06 Jan Are Cubicles In Corporate Office Spaces Obsolete?
Over the last couple of weeks, we’ve discussed the 2016 trends of real estate in theSt. Louis area as predicted by Urban Land institute. This week, we are diving into the changing landscape of corporate (and not-so-corporate) office spaces.
What’s shifting in Corporate Office Spaces?
More like, “who” is shifting corporate office spaces? The transitions predicted directly link to the generational shifts occurring in today’s workforce. Gen-Xers are now those running businesses and there is a rapid influx of Millennials entering the workforce.
Young talent is drawn to urban amenities and living, thus leaving ample opportunities for real estate development within the urban landscape. These generations are the driving force of the current redesign of corporate office spaces.
Open-air, Coworking Office Spaces
Corporate office spaces are moving toward accommodating a mix of open areas and private/semi-private designs, says the ULI. The rise of the 18-hour city model dictates more integration in the use of space, from housing to retail to office.
Newer generations are knocking down the walls and cubicles, aiming for a more open-air workspace that reflects collaboration and synergy in the office space. Many interviewees in the study stated the main advantage of an updated, open-air office space is a tool to capture younger generations not interested in the stereotypical cubicle office space. Businesses are looking for cool, hip, open spaces that encourage new thought patterns brought on by the influx of information and technology.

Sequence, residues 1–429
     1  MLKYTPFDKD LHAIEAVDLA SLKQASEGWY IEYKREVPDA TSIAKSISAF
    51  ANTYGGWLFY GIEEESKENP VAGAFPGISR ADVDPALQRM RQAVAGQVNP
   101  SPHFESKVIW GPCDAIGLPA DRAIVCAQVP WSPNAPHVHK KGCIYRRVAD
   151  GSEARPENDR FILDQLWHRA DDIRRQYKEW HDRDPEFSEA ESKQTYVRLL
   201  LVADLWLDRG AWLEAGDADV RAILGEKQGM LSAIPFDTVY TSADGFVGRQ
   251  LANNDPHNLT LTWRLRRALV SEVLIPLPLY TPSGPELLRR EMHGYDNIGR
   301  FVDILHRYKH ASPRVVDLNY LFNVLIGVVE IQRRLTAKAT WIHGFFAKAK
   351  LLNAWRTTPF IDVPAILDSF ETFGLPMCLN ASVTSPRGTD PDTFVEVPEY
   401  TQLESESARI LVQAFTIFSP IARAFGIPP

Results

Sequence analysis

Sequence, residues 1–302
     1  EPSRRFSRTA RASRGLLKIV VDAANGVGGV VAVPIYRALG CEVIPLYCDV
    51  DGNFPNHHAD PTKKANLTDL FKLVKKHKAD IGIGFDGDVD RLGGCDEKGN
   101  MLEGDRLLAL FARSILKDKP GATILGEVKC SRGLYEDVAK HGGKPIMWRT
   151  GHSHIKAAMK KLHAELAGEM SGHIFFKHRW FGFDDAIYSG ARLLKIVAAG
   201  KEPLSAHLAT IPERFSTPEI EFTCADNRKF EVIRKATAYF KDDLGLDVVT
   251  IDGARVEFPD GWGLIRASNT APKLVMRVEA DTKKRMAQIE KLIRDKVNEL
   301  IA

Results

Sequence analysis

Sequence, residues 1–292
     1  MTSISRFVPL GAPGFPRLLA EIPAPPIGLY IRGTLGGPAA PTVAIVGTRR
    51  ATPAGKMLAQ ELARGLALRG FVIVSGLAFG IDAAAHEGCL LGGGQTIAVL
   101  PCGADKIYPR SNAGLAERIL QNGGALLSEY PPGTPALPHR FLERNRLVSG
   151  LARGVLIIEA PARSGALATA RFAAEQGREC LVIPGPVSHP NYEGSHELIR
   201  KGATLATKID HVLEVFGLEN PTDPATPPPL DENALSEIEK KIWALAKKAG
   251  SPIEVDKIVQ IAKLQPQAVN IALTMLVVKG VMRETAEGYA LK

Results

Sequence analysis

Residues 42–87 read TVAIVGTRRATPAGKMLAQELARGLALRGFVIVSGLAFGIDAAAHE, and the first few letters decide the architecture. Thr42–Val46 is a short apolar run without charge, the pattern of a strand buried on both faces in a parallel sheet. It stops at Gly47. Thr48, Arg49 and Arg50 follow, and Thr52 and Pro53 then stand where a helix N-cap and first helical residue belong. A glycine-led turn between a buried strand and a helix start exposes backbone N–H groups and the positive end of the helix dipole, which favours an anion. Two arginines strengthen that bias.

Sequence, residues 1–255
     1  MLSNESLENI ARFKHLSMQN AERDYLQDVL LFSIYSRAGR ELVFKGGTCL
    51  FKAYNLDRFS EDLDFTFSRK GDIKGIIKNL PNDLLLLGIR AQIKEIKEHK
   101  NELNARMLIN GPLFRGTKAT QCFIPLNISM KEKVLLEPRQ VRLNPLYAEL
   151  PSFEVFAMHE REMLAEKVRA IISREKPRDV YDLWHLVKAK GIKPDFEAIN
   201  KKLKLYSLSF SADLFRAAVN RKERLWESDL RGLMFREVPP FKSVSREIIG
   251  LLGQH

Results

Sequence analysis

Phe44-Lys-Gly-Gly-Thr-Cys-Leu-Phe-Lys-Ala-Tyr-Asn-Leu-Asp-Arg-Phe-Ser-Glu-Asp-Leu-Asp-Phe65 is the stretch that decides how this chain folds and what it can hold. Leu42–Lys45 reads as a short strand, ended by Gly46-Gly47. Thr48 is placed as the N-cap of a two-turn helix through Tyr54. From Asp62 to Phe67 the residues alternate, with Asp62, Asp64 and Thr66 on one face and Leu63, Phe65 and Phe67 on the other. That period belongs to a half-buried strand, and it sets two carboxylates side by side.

Co-working and incubator office spaces are a great example of this shift. They provide more than just an office. They also promise amenities and collaboration more than a traditional office space allows and are nicer and more presentable than a table at a coffee shop.
These office spaces are especially appealing to start-ups whose unique needs are affecting the layout of office spaces. Looking to make a good impression on clients,co-working office spaces help keep start-up and overhead costs low while the business gets off the ground. It also allows them more space to work with less commitment.
The Urban Boom
With younger generations moving back into urban areas and the rise of the 18-hour city model, urban, mixed-use properties are considered an excellent prospect. The live/work/play environment trend is just getting underway; so don’t expect this to go away anytime soon.
As an investor, these markets are high in potential for not only office space development, but also, residential, retail and restaurant venues. The key is to find quality urban markets in secondary cities in which to invest.
One ULI interviewee warns that cities with a high cost of living, like New York and Los Angeles, will actually deter young talent straight out of college, so secondary cities like Nashville, St. Louis and Denver are ideal for investment.
Building these types of spaces is typically more expensive, says one interviewee of ULI, but if done correctly, you can create a highly productive office space that fits a wide variety of needs.
Don?t worry, suburban office spaces are not obsolete, says ULI. Eventually, the aforementioned young talent will start settling down with families, causing them to reconsider the suburbs. So dictates the pendulum swings of the market.
Big Tip for 2016: It’s predicted that medical offices are on the verge of a large boom. This comes as the Baby Boomer generation is about to face the high medical costs of old age. Additionally, due to the Affordable Care Act, more Americans with health insurance are seeking quality care.